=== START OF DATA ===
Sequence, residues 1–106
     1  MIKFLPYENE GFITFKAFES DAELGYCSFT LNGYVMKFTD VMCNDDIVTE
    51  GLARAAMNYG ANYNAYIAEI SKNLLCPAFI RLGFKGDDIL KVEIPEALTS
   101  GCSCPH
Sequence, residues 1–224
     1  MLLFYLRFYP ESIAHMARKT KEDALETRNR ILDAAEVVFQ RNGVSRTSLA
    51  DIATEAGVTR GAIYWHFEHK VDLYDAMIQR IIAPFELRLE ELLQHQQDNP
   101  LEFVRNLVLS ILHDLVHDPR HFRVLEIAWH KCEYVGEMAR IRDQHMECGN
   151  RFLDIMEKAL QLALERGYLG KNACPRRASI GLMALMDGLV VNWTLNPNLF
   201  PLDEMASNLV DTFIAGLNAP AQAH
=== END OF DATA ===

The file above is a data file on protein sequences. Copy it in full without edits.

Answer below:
Sequence, residues 1–106
     1  MIKFLPYENE GFITFKAFES DAELGYCSFT LNGYVMKFTD VMCNDDIVTE
    51  GLARAAMNYG ANYNAYIAEI SKNLLCPAFI RLGFKGDDIL KVEIPEALTS
   101  GCSCPH
Sequence, residues 1–224
     1  MLLFYLRFYP ESIAHMARKT KEDALETRNR ILDAAEVVFQ RNGVSRTSLA
    51  DIATEAGVTR GAIYWHFEHK VDLYDAMIQR IIAPFELRLE ELLQHQQDNP
   101  LEFVRNLVLS ILHDLVHDPR HFRVLEIAWH KCEYVGEMAR IRDQHMECGN
   151  RFLDIMEKAL QLALERGYLG KNACPRRASI GLMALMDGLV VNWTLNPNLF
   201  PLDEMASNLV DTFIAGLNAP AQAH